This post would have been titled Shutter Therapy in Ranganathittu - 3 (for my third visit here) had not for the fact that we visited the place unknowingly on the 12th of Nov which happened to be the 121st birthday of the Birdman of India. As I was winding up for the day by sinking my teeth into a nice masala dosa in Mandya, I got a message from a dear cousin (Thanks Rishi) reminding me of the occasion. So, this post would fittingly be a dedication to the dapper bird man.
The cliche states the early bird gets the worm. But the poor photographer is up a lot before to get the damn birds while they have a go at their worms. A 5:30 a.m start from Bangalore is best to beat the traffic (does not always work if the route involves Mysore Road. Ahem), have breakfast and a pitstop for birds (of course) en route and be in time for the opening at 9 a.m. We found a lake as we drove through Channapatna and stopped to try our luck there. But, instead of birds, all we got was a sunrise on the other side of the lake. With a 200-500, you are kinda I'll fitted for a sunrise, foggy lake and joggers in burqas. And the position just sucked for shooting birds. "You need to get the sun behind you to make some spectacular images" they said. Yeah right. Nevertheless, we found some ducks, bitterns and a lone Brahminy kite (yay) to interest us before we were back on the road.
We arrived a little late and the sun was already beating down in all its mighty fury for a supposedly cool November. The approach roads at Ranganathittu had been fixed since our last visit and we took the less scenic view to reach the sanctuary.
I had my customary welcome again with the white-breasted kingfisher awaiting at the lotus pond and a female Koel ambling up a palm tree trying to get our ISOs warmed up. While we were making some images of the kingfisher, I spotted some movement to my right and the shape of the bill immediately had my bells ringing. It was a pair of Grey Hornbills. I am still relatively new to the birding circuit and seeing these birds for the first time got me all excited. They are not so easy to spot in the dry foliage without a 500mm, but once you do, you can click away to your heart's content as they seldom move beyond the occasional hop to a nearby branch or turn around to preen. As long as you don't come too close and you do not agitate them, they provide a great opportunity to observe and make some great photographs. They are beautiful in flight with their wings outstretched, but I was a tad too slow for that.
From there, we decided to hit the boats first thing for a change as it was not too late to blow the highlights. At the waterfront, it was a shock to not see the sea of white that would usually greet us. The resident Spot-Billed Pelicans and the Painted Storks were conspicuous with their absence. Instead, we were met with a wave of black - the Indian Cormorants. What was interesting is that the fledgling of the glossy black cormorants were a brilliant white.
Along with them, there were the Australian White Ibis, the Muggers, a Darter and one tiny Plover.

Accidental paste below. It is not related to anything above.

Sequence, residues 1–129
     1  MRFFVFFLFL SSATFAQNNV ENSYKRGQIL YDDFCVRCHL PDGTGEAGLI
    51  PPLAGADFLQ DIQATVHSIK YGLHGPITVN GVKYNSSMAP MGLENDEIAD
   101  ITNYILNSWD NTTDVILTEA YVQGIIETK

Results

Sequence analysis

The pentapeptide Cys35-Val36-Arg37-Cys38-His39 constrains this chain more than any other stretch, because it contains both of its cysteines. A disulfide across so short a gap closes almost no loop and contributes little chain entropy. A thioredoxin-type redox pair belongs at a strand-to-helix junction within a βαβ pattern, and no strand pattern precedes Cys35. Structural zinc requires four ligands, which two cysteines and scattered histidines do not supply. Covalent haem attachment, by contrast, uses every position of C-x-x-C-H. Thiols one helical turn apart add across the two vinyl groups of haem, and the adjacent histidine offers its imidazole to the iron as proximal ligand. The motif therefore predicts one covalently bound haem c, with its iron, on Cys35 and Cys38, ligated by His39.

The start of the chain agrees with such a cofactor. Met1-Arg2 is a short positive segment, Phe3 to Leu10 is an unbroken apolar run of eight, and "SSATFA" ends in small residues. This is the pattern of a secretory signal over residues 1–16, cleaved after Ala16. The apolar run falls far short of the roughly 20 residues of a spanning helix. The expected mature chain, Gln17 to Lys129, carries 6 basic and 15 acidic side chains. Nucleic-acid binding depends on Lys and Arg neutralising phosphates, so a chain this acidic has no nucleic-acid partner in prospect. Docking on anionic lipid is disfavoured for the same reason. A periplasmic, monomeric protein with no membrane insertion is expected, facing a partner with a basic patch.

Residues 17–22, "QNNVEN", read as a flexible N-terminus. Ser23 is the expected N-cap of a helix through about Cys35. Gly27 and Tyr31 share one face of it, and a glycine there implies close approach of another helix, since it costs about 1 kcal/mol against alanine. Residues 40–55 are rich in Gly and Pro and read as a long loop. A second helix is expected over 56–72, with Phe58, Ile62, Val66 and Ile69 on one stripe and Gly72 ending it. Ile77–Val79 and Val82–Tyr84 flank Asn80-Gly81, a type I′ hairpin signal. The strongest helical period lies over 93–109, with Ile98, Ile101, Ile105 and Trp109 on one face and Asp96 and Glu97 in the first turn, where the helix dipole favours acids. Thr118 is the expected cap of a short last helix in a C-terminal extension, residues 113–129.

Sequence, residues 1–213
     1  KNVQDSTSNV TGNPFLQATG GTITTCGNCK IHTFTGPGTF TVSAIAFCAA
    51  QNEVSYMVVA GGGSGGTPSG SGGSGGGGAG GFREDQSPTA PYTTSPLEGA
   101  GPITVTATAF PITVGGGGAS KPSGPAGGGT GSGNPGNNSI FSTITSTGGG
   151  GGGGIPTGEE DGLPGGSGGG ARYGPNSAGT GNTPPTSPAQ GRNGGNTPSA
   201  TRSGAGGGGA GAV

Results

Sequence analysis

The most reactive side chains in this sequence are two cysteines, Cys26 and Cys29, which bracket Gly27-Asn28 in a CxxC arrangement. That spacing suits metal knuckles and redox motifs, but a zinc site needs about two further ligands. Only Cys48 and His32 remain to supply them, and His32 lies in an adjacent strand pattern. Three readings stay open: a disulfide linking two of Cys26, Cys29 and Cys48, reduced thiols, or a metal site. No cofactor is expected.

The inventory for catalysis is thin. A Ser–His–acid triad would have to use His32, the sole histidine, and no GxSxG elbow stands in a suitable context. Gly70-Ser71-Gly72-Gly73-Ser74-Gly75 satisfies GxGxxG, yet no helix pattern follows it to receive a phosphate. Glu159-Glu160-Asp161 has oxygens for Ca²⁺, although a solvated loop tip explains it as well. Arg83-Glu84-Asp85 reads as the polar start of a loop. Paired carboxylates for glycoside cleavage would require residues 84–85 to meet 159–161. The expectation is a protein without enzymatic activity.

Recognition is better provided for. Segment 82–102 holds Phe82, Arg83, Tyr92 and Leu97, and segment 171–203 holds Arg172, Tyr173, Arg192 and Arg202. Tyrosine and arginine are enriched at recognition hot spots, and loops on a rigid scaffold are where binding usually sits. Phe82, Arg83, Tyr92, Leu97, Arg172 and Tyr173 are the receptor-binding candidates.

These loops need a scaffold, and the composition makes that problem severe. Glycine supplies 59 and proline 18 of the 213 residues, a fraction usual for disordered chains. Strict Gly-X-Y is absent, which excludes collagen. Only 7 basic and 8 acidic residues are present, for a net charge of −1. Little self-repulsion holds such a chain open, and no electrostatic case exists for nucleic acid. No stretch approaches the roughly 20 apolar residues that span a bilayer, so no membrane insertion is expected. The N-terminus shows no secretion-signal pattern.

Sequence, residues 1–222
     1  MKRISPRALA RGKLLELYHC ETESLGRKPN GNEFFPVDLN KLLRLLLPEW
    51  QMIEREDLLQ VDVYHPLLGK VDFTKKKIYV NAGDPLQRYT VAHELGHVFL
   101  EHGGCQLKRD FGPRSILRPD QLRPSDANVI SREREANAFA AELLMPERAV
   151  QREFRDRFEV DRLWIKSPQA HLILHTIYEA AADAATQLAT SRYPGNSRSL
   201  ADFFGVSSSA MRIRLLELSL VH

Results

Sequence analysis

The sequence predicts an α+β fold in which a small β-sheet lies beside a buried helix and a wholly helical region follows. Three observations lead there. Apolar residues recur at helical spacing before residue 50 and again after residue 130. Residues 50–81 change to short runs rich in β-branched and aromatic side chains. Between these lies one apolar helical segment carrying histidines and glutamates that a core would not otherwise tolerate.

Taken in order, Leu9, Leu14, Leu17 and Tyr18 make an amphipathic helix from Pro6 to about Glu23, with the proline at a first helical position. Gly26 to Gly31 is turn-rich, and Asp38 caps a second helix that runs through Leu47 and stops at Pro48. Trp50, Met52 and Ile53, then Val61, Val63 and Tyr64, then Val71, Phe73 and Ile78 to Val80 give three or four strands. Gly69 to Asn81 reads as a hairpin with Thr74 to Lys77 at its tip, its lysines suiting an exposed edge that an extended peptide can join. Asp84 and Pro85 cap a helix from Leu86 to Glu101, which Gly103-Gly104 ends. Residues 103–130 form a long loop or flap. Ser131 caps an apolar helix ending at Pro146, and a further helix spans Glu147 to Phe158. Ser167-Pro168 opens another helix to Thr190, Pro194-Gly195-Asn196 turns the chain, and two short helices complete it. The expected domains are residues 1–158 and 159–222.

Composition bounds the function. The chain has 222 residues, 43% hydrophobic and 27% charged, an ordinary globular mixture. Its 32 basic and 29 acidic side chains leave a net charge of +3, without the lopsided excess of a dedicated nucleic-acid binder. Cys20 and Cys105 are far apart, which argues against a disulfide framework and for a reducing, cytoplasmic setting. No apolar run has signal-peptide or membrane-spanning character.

Overall, a disappointing outing on the boat. The only plus is that we paid the touristy price for the boat ride rather than the birder's price for an exclusive boat. Did I mention they have hiked the entry prices for visitors, boating and zoom lenses. A cool 500 bucks for anything upwards of 200mm!!! Any lesser, and all you can shoot are the signboards there. What were they thinking? Must have been the brainchild of some wise guy in a board meeting trying to up the earnings. For a change, I was thankful for being an Indian. I would have had to shell out five times to enter this place as a white man. Enough of the rants. Back to the birds then. Sigh.
With no birds on the lake, we had to make do with what were left hiding in the dark trees outlining the lake. Other than the trusty and bold Tickell's Blue Flycatcher, a twitchy White Throated Fantail and the elusive Asian Flycatcher, we had written off the outing as a complete washout.
So, just before winding up for the day, we paid (Rs. 2 per person) a visit to the restroom. That's when I heard the tap tap of little Woody. Again a first for me. A Flameback Woodpecker. But, this guy had a tuft of gold for a crown unlike the red crowns on the flamebacks you see in a typical Google search. My conclusion is that this guy must be a juvenile or female or a juvenile female, in which case, it was a gal. Yeah, that must be it.
A Bronzed Drango sat nearby as little Woody laboriously tapped away and helped itself to a feast of bugs. Talk about living off another. Altogether, not so disappointing in the wake of spotting the Grey Hornbills and the Flameback.
We drove out and walked a few kilometres around Ranganathittu trying to see if there any birds that had strayed outside the jurisdiction. No such luck. I won't mention the exact location lest I land myself in trouble. But I think I know where the Crocs of Ranganathittu go to when they are bored of sunning themselves up front. But apart from a ton of Bee-eaters, Munias, Swallows, a herd of cows and a group of tipsy locals who wanted to hit us and take our cameras (quiet knowledgeable chaps - they had a good ballpark estimate for a D750, D810, Nikkor 200-500 and a Sigma 150-600 put together).
Bee-Eaters and their antics. A 500mm is no match for these tiny F16s.
I heard that the 200-500 is a capable macro lens with a great working distance. Got to test this on a couple of dragon-flies for good measure. Not a 105 killer, but definitely not bad at all.
In all, an eventful day, even if it did not involve a ton of birds. A word of caution - do not plan on returning via Mysore Road on a Sunday evening if you don't like shifting between the first and second gears. More so, if you are being driven by a not so tolerant driver (Couldn't resist that jibe AT). Rounded the day with a kingfisher back home. A great birthday party indeed.